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Mustard procedure: Wikis


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The Mustard procedure was developed in 1963 by Dr. William Mustard at the Hospital for Sick Children in Toronto, Canada. It was the first procedure to show that congenital heart defects could be repaired.

Dr. Mustard, with support from the Heart and Stroke Foundation of Canada, developed the first operation to correct a congenital heart defect that produced “blue babies”. The defect is called transposition of the great vessels. The condition was common and fatal. The defect causes blood from the lungs to flow back to the lungs and blood from the body to flow back to the body. This occurs because the aorta and the pulmonary artery, the two major arteries coming out of the heart, are connected to the wrong chambers. The babies look blue because there is insufficient oxygen circulating in their bodies.[1]

The Mustard Procedure allows total correction of transposition of the great vessels. The procedure employs a baffle to direct oxygenated pulmonary venous return into the right atrium and thence into the right ventricle which is the pumping ventricle for the aorta and the systemic circulation.[2] In other words, the Mustard Procedure restores the circulation but reverses the direction of the blood flow in the heart.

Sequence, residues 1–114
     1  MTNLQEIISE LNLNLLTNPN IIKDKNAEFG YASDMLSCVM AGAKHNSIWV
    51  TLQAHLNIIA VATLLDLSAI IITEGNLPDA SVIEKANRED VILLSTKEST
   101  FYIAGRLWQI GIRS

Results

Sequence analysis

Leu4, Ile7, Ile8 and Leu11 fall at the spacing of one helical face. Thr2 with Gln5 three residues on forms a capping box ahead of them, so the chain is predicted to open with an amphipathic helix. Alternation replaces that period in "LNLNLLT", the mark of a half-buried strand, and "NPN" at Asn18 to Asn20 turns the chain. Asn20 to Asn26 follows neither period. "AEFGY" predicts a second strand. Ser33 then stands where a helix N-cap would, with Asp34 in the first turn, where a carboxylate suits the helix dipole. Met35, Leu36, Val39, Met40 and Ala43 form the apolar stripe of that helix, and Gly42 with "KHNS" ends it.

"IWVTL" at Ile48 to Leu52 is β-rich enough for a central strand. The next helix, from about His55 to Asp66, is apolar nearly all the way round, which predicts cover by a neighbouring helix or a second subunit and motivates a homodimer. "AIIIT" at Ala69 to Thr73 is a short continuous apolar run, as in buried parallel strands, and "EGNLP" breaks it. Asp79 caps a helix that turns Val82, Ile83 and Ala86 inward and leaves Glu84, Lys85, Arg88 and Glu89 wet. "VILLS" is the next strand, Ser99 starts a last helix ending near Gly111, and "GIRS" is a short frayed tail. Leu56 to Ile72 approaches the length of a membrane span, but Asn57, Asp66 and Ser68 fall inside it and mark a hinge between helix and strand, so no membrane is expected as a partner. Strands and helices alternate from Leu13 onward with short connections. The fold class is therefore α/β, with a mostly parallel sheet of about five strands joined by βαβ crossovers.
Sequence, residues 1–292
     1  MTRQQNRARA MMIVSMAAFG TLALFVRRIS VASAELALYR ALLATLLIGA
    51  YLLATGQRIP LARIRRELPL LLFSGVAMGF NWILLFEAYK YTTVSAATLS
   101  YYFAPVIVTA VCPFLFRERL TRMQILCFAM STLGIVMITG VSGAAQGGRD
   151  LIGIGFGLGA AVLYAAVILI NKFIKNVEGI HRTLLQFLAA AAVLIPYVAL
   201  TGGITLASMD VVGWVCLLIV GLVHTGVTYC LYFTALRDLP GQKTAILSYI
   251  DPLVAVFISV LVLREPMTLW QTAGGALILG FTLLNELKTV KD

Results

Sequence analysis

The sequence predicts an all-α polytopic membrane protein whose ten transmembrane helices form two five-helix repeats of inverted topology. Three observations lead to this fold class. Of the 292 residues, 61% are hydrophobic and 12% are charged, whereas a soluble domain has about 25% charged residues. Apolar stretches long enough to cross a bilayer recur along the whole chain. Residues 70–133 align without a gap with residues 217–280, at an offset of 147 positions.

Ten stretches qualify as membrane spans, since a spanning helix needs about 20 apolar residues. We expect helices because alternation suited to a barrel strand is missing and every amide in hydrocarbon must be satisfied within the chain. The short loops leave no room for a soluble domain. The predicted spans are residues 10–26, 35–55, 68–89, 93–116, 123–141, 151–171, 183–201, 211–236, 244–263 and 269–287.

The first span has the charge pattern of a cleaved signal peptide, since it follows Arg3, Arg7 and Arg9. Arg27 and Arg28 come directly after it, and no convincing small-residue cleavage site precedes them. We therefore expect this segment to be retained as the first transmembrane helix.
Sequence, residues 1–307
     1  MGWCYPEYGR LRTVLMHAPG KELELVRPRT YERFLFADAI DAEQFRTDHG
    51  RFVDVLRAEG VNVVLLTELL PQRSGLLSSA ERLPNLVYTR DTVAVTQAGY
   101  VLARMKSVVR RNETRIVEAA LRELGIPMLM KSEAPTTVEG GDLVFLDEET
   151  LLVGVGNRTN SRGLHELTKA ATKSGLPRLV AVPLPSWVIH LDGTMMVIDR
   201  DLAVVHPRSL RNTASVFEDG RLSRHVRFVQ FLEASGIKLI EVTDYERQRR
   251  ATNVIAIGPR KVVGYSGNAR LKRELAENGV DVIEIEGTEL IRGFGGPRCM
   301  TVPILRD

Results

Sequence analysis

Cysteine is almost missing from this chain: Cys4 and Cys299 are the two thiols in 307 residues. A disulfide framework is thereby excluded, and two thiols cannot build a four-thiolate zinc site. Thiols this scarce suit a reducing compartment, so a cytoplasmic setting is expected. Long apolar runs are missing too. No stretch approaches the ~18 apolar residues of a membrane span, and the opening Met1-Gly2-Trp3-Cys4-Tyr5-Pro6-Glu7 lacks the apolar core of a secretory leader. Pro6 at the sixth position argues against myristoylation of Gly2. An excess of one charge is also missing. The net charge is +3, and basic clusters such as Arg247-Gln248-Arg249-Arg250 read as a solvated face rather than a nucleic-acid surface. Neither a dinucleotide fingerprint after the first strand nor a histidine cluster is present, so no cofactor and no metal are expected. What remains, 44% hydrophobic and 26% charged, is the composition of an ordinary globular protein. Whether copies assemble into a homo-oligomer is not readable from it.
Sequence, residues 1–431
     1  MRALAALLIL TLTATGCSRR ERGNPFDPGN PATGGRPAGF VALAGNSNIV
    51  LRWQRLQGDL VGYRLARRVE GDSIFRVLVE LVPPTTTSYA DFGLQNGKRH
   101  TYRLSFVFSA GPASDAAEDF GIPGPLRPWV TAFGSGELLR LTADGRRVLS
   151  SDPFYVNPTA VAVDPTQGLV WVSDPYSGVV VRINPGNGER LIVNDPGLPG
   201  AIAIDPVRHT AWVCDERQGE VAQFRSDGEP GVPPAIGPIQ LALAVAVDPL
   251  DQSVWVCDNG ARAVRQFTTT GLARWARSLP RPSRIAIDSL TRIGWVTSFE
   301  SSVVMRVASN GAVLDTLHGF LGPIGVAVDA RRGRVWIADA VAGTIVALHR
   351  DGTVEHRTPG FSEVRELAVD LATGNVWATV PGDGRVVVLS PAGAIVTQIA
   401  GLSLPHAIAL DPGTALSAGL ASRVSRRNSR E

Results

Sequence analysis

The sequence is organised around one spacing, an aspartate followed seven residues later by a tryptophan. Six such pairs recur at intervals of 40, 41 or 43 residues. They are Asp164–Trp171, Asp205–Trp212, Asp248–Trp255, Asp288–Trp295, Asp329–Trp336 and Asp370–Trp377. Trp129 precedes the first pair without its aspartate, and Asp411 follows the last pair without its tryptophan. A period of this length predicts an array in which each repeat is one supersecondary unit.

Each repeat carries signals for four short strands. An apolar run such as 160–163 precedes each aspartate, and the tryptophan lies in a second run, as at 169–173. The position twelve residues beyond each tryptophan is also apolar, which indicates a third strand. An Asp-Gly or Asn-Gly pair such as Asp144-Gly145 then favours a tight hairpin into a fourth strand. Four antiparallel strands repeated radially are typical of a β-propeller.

In a normal heart, de-oxygenated blood is pumped into the lungs via the right ventricle. Then it is distributed throughout the body via the left ventricle. In the Mustard procedure, blood is pumped to the lungs via the left ventricle and disseminated throughout the body via the right ventricle.[1]

The Mustard procedure improved an 80% mortality rate in the first year of life to an 80% survival at age 20.

See also

The Mustard procedure was largely replaced in the late 1970s by the Jatene procedure (arterial switch), in which the native arteries were switched back to normal flow, so that the RV (right ventricle) would be connected to the pulmonary artery and the LV (left ventricle) would be connected to the aorta. This surgery had not been possible prior to 1975 because of difficulty with re-implanting coronary arteries which perfuse the actual heart muscle iself (myocardium).


  1. ^ a b Press Release – Children who had heart surgery 20-30 years ago should keep in touch, June 6, 2001, Heart and Stroke Foundation of Canada. URL: Accessed on: January 14, 2008.
  2. ^ Yale University School of Medicine,

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